Is Education Harmful?

Question No. 108:

What is wrong with education? Why does it turn out so many misfits? Am I not taking a dangerous chance in sending my children to school? {ABN5: 5.1}

Answer:

The trouble is not with education itself, but rather with the kind of education one receives. Yes, there are two kinds of education–the human and the Divine, the natural and the spiritual, the wrong and the right. As man is born with desires to love the natural and to hate the spiritual, naturally, then, the human method of education has been highly cultivated, and the Divine greatly, if not altogether, neglected. Thus the reason for “so many misfits.” {ABN5: 5.2}

It is a recognized fact that the former is actually calculated to train the student, not to produce, but to consume–to be grasping and selfish; whereas the latter is designed to train the student to produce more than he consumes–to be benevolent and unselfish, living for others, not for self. {ABN5: 5.3}

Then, too, it must be realized that even if the schools were giving the right kind of training, it would be counteracted by parents who allow their children to squander away time, rather than teach them how to lighten someone’s burdens and to make a living. So, if there is no mutual co-operation between the school and the home, then despite even a right educational system in the schools, the children would nevertheless be trained to become a burden to themselves, a liability to their parents, and a detriment to the world. {ABN5: 5.4}

Rather than making their schooling a preparation for life, most students make it a vacation from life. Then when graduation day arrives they consequently have no idea of what they should do next! And even when they do “have a vocation in mind, it often takes them years to acquire the basic work habits required in their fields.” {ABN5: 6.1}

It is a tested fact that during their schooling, students enjoy sponging, a thing that has become a vice. And the longer they go to school the stronger this selfish habit seems to become. And that is why “employers no longer,” asserts Dr. Henry C. Link, the psychologist, “fall over each other in their haste to employ college graduates. Moreover, in making their selections, they are often more influenced by a student’s extra-curricular activities and his achievements in dealing with his fellow students, than by his success with his professors.” {ABN5: 6.2}

What the present generation needs to learn most in school is to stop sponging and to start producing, the very thing it increasingly dreads. Children should be taught that, after all, the only way for one to be worthy of life is to be primarily a producer, producing more than he consumes, and to be anxious, not to get, but to give, and to realize that such an unselfish, beneficient habit is the very gate to success and happiness. {ABN5: 6.3}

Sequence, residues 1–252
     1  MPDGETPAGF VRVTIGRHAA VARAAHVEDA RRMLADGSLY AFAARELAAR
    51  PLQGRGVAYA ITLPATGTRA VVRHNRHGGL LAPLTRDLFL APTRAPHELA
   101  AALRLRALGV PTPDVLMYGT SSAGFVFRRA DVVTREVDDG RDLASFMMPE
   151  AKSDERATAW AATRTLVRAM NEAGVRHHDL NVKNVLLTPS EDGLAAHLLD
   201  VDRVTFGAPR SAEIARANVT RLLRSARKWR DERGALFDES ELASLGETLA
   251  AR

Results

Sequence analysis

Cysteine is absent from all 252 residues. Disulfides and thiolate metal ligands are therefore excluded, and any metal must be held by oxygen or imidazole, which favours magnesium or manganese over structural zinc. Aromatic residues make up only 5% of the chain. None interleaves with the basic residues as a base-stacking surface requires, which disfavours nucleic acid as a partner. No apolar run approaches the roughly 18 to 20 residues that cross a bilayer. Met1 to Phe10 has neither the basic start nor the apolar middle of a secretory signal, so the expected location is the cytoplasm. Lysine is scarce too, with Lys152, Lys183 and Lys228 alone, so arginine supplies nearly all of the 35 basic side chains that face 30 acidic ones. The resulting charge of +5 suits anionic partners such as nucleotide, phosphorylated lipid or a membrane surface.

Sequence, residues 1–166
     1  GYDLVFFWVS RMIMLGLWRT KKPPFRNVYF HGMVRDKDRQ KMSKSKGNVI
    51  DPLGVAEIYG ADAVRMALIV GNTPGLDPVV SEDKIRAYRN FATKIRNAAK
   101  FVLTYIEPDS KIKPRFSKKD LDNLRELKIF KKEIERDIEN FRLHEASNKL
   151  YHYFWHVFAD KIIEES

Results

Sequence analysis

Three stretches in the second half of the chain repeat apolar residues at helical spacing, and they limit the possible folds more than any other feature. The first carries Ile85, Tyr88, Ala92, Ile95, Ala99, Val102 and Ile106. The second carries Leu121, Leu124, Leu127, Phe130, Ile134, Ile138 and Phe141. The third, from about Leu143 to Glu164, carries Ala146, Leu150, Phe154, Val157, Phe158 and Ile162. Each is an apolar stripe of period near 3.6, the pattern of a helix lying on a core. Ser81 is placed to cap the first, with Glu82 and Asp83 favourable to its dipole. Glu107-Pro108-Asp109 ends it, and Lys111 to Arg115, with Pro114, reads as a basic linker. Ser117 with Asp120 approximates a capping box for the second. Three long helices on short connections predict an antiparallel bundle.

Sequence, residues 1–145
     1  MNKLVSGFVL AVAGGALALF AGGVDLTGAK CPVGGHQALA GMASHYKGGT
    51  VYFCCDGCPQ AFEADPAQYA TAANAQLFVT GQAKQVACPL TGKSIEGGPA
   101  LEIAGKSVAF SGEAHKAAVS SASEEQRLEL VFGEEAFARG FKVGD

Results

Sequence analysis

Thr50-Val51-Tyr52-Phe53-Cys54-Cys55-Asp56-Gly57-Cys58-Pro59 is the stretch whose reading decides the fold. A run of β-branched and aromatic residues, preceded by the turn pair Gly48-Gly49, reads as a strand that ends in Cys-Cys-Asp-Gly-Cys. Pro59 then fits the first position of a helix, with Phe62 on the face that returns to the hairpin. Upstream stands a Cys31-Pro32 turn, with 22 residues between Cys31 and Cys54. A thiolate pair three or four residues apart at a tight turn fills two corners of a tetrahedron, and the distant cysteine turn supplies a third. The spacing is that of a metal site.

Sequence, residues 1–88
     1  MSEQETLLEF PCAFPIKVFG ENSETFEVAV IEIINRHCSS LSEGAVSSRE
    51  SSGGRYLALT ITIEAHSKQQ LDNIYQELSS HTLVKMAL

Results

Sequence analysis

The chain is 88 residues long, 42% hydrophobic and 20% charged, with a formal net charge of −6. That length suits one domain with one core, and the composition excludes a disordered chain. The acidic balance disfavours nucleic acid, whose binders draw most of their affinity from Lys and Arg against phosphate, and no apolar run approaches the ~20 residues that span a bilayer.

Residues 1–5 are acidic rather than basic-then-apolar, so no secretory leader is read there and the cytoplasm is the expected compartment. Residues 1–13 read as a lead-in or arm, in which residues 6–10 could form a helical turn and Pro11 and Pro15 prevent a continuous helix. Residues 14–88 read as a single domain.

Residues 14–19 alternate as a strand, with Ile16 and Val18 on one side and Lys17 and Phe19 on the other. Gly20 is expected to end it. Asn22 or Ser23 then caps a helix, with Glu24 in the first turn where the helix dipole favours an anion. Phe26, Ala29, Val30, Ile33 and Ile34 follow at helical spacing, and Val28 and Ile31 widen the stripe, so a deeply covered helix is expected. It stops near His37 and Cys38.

It was at the time Abraham demonstrated his truly generous and kind hospitality by cordially inviting and then forcibly persuading the three strangers to stop for a rest and a meal, that the promise of a son made years before, became a reality. And Lot’s faithfully compelling two of these same strangers to stop overnight in his home, delivered him from Sodom’s fiery destruction. {ABN5: 7.1}

Let us not forget that the embodiment of these Divine principles is the first step toward one’s conversion to the religion of Christ. To overlook these necessary requirements while attempting to become an altogether-Christian, is no less absurd than to invite the minister to perform a marriage ceremony without having a willing partner to marry. {ABN5: 7.2}

On the subject of personality, Dr. Link writes: “Minds are not born, they are acquired by training. Personality is not born, it is developed by practice. But we have no library of scientific books on the latter. The greatest and most authentic textbook on personality is still the Bible, and the discoveries which psychologists have made tend to confirm rather than to contradict the codification of personality found there. Psychology differs from all other sciences in this important respect. Whereas the other sciences have taught us that our previous ideas and beliefs about nature were wrong, psychology is proving that many of the ancient ideas and precepts about the development of a good character and personality were right. {ABN5: 7.3}

“The keynote which runs through the elements or habits of personality included in this test is this: The child develops a good personality, or at least the foundations of such a personality, by doing many things which he does not do naturally, and many things which he actually dislikes. Eating with a knife and a fork may become natural to him in time, and even enjoyable, but not until his parents have spent four to eight years of laborious effort in getting him to use them properly. Children vary, of course, by nature and heredity; but no matter how good they are, the basic habits must be inculcated by a process of discipline. In view of the inevitable resentment toward discipline which children develop and their inertia in acquiring many desirable habits, every available influence, pressure, or device which will hasten their acquisition of these habits must be utilized. Most parents need every source of help or support available in this process.”–The Return to Religion. {ABN5: 8.1}

Necessarily, to make a real success in life, one must acquire a predominance of skills, superiority in a few, and distinct superiority in one; also a longing desire to please and bless others first, and only secondarily to satisfy himself. God so loved the world that He gave His only son. Men therefore ought also to be liberal to the extent that they, too, freely use their time and energy in serving the interests of others. “Look not every man on his own things, but every man also on the things of others.” Phil. 2:4. In such a happy course they will be benefiting themselves even more than others. “Seek ye first the kingdom of God, and His righteousness,” commands the Lord, “and all these things shall be added unto you.” The one who fully comprehends the operation of this Divine law, and unhesitatingly obeys it, is the only one who makes a real success of life. And the fact that those who make their employer’s interest the chief business of their lives are the only ones who receive promotions and who achieve high and responsible positions, shows that this Divine law operates even among non-Christians. {ABN5: 9.1}